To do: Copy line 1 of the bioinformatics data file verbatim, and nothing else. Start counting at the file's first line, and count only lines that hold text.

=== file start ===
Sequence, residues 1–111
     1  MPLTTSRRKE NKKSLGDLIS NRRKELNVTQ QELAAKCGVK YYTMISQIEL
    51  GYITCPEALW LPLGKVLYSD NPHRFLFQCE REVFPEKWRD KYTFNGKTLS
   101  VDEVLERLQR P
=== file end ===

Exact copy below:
Sequence, residues 1–111